Darts Historian Patrick Chaplin reviews Bobby George’s biography – Plus……… Bobby George’s comments on his Review Click Here
Anyone reading Bobby Dazzler – My Story, Bobby George’s recently published biography, and expecting it to reflect the style of his That’s the Way to Do It! column in Darts World magazine will be disappointed. For his first major published work, Bobby, with the help of journalist Lance Hardy, adopts a more serious, yet relaxed writing style, demonstrating Bobby’s wish to make it, as he told me recently, “More than just a book about darts.”
I have always pictured Bobby as a showman – which he undoubtedly is – but his book reveals so much more about the man and the world he has worked so hard to create for himself. By the time most of us reach 30 years of age our vocations have usually been determined. Not so for Bobby. His life and lifestyle changed absolutely and permanently at the age of 30.
Bobby’s early life was very tough yet despite his obvious dislike of his father, Bobby learned through him the value of hard work. By working all the hours the good Lord had given him (plus a few more), whether is was digging an underground railway or minding the doors at pubs and clubs, Bobby gained an undying respect and understanding of the value of money.
Strangely enough, it was his love of fishing that led him to darts. A wet day in Ireland found him sheltering in a pub with a friend who invited Bobby to play a game of darts. Bobby wasn’t really that keen to play and so it could have all ended – or rather not begun – right there. However, he was persuaded to play. Bobby and his friend realised immediately that he had a natural talent for the game and the rest – as they say – is history and neatly chronicled in Bobby Dazzler.
In his book Bobby takes the reader on an upfront and honest journey through the heady world of darts from the 1970s to the present day. Of particular interest to me, as a Darts Historian, was Bobby’s participation in the News of the World. Bobby regards the NoW as a ‘world championship’, which in its time it undoubtedly was. Bobby is one of a small number of elite players who have won the trophy twice, but over an above this he made the Grand Finals on five occasions and qualified for the Area Finals on no less than fourteen occasions. That’s a formidable record. Bobby told me recently, “I should have won it more than that.” His explanation of why he didn’t make fascinating reading.
Bobby has some strong words to say about some his fellow professionals. He describes his close friendship with five times Embassy Champion Eric Bristow, and sums ‘The Crafty Cockney’ up as ‘arrogant, but deep down a decent bloke.’ One other former Embassy World Professional Darts Champion comes in for more vitriol than any other. For the purposes of this review, that champion will not be named, yet, it is fascinating to note from my research that both he and Bobby have two things in common over and above their love of the game. They both started in darts relatively late and both believe in fate. Bobby wrote, “I never really sat down and thought long and hard about making a living out of darts. The game just snowballed and took over my life. Fate decided that path for me.” Fate also brought him to meet the love of his life, his wife Marie.
But it’s not just some of his fellow professionals that fall victim of Bobby’s pen. He does not spare the rod and neither the BDO nor MCs and officials escape criticism. Bobby’s views on the disintegration of friendships as increased prize money led to increased gamesmanship and darts became ‘bitter and twisted’, make for quality reading. However, his hilarious stories about life on the road, particularly with Jocky Wilson, provide a perfect balance.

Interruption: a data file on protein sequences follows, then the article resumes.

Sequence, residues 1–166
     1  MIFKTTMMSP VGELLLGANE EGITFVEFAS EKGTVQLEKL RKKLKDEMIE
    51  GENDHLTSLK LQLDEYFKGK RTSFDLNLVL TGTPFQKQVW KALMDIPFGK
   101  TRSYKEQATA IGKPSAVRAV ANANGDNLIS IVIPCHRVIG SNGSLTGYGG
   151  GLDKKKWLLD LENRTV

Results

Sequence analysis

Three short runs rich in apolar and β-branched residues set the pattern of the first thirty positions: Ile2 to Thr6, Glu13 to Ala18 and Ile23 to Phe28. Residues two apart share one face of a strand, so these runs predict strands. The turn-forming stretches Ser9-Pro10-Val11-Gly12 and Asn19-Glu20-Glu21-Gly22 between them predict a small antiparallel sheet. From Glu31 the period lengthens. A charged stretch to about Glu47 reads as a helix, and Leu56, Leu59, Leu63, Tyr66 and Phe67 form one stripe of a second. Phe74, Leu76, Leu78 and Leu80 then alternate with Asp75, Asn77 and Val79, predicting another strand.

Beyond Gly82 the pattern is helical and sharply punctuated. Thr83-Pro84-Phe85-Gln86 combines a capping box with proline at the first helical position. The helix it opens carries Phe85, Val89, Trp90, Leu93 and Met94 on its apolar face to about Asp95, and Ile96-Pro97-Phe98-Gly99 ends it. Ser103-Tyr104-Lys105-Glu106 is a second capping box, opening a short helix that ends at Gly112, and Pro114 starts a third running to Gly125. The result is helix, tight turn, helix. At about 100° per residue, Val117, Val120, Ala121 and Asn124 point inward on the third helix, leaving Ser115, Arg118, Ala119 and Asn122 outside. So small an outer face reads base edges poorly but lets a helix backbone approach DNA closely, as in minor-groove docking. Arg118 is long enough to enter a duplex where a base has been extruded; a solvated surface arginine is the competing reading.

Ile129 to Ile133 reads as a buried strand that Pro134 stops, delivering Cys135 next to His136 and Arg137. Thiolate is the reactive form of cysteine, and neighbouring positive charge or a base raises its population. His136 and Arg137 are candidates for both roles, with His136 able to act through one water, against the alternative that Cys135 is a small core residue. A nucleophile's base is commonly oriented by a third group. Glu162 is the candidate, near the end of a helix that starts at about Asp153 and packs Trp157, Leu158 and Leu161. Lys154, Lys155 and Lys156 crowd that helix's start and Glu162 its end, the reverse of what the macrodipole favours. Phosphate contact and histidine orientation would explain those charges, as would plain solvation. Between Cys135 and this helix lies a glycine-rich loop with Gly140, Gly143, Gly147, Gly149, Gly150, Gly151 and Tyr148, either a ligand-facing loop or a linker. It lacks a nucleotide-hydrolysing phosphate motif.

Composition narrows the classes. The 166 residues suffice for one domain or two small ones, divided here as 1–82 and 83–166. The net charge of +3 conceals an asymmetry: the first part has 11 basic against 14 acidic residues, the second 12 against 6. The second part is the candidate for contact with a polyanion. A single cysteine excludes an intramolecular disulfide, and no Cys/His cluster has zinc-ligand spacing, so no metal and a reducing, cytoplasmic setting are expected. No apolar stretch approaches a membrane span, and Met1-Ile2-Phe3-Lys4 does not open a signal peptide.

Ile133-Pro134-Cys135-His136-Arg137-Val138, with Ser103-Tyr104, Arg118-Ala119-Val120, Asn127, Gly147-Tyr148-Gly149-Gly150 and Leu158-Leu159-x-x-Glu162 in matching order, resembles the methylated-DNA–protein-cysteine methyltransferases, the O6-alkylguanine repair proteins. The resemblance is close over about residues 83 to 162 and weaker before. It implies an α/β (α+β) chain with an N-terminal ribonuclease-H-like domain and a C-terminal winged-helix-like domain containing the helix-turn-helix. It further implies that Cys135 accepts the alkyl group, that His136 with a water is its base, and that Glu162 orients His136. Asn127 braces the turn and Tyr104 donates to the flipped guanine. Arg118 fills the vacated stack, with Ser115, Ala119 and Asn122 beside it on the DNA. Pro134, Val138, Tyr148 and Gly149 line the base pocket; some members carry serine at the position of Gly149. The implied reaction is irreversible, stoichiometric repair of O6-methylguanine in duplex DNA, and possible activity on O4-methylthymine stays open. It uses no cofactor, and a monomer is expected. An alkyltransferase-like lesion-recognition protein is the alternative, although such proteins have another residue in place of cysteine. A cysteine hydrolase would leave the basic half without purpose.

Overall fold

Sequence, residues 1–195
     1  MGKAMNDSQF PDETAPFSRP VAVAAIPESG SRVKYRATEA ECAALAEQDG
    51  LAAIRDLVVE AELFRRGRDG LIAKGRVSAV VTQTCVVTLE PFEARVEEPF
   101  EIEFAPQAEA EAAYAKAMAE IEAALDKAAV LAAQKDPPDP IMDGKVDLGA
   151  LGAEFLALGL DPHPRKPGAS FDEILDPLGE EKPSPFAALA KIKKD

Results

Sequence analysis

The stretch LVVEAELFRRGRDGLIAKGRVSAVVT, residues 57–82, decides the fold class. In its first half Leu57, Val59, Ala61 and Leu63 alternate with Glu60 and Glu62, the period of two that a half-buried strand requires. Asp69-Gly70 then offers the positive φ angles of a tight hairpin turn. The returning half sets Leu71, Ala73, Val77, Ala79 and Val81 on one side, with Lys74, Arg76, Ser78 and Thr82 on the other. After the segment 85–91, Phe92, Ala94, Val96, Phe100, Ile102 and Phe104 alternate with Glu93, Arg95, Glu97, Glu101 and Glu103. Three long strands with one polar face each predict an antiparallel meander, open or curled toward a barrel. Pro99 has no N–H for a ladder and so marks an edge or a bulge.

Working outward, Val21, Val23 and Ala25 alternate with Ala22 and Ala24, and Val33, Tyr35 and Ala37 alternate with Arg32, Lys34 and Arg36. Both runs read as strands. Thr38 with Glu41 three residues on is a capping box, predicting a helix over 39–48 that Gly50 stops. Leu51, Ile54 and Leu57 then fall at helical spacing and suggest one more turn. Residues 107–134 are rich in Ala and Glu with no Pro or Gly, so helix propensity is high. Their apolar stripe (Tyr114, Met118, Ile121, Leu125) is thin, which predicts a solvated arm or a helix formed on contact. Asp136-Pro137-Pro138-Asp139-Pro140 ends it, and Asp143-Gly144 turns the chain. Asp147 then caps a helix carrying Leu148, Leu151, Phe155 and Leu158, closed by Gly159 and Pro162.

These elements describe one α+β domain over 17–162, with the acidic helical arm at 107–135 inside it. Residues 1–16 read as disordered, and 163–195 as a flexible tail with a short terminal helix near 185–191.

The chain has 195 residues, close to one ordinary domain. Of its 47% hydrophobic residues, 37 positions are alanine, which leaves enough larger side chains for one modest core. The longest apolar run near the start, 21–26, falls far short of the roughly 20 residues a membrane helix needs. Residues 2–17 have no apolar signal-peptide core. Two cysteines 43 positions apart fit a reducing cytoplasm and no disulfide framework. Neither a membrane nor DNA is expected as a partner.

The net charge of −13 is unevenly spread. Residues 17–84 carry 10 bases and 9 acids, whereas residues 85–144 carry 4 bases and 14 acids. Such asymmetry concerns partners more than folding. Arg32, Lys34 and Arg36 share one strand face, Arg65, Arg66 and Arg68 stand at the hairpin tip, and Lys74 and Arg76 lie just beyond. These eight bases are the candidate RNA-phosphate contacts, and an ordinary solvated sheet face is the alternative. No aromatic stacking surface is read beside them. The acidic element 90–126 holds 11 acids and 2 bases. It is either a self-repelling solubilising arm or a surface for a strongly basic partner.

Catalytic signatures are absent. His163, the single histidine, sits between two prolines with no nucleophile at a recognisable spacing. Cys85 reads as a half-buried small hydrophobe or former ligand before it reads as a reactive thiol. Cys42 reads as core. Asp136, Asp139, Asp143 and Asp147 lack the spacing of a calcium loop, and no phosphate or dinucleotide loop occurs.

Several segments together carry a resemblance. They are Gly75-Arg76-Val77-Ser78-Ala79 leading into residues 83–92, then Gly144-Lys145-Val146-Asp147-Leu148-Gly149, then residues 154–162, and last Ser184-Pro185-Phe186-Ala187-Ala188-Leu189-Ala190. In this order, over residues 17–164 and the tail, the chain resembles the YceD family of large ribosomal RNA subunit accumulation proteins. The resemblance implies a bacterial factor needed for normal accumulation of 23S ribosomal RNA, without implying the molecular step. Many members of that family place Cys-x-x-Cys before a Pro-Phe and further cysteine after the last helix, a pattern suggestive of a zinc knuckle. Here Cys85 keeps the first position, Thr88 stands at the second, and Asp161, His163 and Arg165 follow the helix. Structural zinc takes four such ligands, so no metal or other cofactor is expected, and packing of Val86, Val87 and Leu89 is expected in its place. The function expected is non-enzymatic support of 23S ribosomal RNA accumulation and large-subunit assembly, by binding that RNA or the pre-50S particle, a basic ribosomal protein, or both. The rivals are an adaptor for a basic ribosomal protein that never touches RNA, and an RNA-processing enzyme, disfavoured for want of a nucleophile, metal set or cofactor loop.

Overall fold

Bobby had the skill and the personality to hop on to the darts bandwagon when it began to roll and became a vital part of it. He was one of that group of star darters who helped shape the modern game. He also realised what had to be done to maintain the momentum (and the cash flow) when the popularity of darts waned in the 1980s. Concentrating on exhibitions rather than tournaments paid dividends for him and, whilst other darters found their careers foundering, Bobby stayed in the public eye. Exhibition work maintained his profile through those years when darts was all but lost to our terrestrial TV screens. Then Bobby’s knowledge, personality and experience reaped further rewards when he became the darts pundit (and much more) for the BBC’s continuing coverage of the Embassy (later the Lakeside) World Darts Championships and the WINMAU World Masters.
Having now reached an age when he is entitled to his heating allowance and a free bus pass, Bobby has spent more or less exactly half of his life playing darts and doing what he does best, entertaining his public. It may be that, having reached that certain age, Bobby decided to reveal all by writing his life story. I asked Bobby recently if Bobby Dazzler was in fact the full story. He laughed and told me, “The book was originally twice as thick but the spoilsport libel lawyers cut a lot out!”
Even so, Bobby Dazzler is a joy to read. It’s not full of tabloid-style revelations – so don’t expect much sex – and it’s almost totally devoid of ‘Lovely Jubbly’s. What Bobby George has produced is a fascinating chronicle of the life of a working-class boy who ‘done good’ against the odds. Bobby left school hardly able to read or write but has proved that with the right focus, determination and much hard work, you can achieve your dreams. With Marie by his side, Bobby continues to be a success, long after the names of many of his contemporaries have been consigned to history.
[Bobby Dazzler – My Story published by Orion Books and priced at £18.99, is available from all good bookshops.]
Bobby George’s comments on the review
© 2007 Patrick Chaplin